We all hope we’re raising good men, those of us with sons. We want our boys to grow up to be gentle, responsible partners and fathers, as well as happy and successful. At least, I assume we do. That’s certainly what I want for the teenage boy in my house.
The Globe and Mail has a sobering column on this topic. Anthony Wolf writes about the conversation he believes every parent should have with their teenage son. Not the one about sex. The one about abuse: what it is, what it looks like, and how to avoid becoming abusive towards a woman you love.
Wolf wants parents to talk to their sons in extremely explicit terms about abusive behaviors. Going well past “Don’t hit girls”, Wolf schools parents on the nuances of a healthy and unhealthy relationship. He wants us to make sure our sons know:
- Not only can you not hit a girl, you can’t grab her in any way she doesn’t like.
- If a girl hits you, leave. Hitting back is not OK.
- Yelling or getting close to a girl you are fighting with can be very scary for her. Back away, or better yet, leave.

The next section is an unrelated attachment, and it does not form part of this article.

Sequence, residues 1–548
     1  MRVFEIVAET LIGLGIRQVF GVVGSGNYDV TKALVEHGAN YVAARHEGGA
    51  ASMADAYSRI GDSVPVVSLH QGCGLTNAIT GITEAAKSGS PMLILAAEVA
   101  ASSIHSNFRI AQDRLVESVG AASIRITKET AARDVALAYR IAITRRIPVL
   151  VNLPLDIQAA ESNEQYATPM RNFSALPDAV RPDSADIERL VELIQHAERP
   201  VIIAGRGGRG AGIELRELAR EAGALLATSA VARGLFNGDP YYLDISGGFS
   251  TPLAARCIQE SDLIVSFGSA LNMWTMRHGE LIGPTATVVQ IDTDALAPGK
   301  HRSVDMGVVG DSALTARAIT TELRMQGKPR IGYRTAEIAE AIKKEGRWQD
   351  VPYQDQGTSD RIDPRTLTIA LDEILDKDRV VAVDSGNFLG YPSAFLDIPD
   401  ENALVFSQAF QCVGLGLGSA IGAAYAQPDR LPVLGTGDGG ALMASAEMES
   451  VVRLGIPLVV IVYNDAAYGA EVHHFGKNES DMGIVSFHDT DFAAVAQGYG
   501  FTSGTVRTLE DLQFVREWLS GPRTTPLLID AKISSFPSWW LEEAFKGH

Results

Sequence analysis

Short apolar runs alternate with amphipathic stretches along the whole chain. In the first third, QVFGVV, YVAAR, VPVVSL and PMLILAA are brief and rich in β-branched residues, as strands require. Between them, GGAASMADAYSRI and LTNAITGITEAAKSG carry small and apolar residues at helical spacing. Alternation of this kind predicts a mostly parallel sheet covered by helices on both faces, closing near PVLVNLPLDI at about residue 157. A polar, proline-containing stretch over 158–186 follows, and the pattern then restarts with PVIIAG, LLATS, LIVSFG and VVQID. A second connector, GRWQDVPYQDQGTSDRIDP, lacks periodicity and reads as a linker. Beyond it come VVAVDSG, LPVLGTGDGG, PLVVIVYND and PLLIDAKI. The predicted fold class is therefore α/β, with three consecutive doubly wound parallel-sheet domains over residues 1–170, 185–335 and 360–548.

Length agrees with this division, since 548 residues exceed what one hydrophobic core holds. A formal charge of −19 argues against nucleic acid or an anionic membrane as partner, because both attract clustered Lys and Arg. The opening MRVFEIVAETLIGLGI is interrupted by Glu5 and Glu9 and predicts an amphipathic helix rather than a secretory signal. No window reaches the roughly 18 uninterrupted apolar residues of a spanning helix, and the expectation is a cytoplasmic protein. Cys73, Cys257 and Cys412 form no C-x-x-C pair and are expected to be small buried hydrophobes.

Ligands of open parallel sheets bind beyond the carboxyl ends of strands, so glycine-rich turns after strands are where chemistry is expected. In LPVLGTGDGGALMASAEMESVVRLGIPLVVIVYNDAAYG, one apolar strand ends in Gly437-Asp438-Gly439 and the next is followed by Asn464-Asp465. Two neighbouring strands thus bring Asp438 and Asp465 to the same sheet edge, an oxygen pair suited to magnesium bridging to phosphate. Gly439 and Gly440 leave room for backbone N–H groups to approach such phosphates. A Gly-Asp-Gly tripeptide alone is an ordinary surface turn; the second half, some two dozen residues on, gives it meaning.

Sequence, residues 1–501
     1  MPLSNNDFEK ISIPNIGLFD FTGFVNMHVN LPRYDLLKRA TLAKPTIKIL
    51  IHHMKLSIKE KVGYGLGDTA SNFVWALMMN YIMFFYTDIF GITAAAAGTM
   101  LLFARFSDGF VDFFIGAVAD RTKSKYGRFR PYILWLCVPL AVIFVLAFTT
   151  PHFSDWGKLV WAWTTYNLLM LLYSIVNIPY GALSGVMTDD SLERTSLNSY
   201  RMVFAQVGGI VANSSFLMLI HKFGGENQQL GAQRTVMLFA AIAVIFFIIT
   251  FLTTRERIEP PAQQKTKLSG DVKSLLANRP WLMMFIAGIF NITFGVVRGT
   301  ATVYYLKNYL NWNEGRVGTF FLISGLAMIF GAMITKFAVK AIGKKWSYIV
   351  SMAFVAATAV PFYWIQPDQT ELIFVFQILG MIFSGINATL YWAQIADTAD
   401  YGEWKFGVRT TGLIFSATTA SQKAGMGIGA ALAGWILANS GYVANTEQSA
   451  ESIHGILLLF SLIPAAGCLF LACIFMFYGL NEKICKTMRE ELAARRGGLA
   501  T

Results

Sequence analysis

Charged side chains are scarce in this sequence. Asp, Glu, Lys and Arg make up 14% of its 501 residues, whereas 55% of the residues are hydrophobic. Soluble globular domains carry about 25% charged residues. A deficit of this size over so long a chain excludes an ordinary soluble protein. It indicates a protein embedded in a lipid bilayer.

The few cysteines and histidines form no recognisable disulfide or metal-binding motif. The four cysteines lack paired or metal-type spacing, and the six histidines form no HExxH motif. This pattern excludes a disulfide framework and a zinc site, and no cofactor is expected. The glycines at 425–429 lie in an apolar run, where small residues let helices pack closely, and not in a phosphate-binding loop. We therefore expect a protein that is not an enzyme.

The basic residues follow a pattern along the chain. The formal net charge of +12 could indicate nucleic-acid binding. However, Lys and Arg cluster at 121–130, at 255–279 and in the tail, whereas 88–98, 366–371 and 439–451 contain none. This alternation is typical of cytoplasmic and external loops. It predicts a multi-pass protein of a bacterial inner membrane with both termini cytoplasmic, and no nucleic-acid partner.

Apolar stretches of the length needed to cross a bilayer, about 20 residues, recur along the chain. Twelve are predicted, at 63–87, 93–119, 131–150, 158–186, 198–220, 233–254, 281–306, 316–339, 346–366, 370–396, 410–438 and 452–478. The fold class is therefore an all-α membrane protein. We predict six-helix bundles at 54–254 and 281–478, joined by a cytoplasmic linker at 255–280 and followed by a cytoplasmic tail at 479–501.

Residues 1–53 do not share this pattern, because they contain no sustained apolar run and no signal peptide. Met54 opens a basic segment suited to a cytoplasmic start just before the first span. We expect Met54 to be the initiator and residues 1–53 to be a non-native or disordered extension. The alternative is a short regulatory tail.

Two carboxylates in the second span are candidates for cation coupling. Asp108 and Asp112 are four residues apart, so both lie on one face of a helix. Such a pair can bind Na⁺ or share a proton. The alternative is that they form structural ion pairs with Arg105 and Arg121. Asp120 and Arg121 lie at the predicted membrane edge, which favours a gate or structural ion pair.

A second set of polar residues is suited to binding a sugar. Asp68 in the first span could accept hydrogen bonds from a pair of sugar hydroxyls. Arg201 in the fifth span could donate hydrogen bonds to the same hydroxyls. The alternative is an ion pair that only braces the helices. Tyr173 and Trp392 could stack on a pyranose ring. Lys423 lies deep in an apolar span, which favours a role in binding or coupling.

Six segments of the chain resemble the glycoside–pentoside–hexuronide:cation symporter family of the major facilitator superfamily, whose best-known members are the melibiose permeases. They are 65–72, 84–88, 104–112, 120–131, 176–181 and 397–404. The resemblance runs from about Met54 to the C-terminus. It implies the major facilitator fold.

- Do not mix fighting with drinking. If you have been drinking and an argument starts, leave right away.
- Abuse is not just physical. It is also unacceptable to keep constant tabs on a girl, insult her or tell her what to wear or who to see.
- There is no excuse for abuse. If she is cheating, if she is mean, if she is provocative: you can leave, or you can try to work things out. It is never OK to abuse her or to retaliate for her bad behavior.
Don’t wait until your son has a girlfriend to start this conversation. Wolf says it should probably happen by the time a boy is 13, earlier if he or his friends are dating.
It’s often awkward to know how to start these conversations. My stepson and I have had some good ones while watching Buffy The Vampire Slayer together. You might look for something your kid likes – a TV show, a book, a movie – with teen characters you can talk about. It’s easier for me to talk through what fictional characters are doing.
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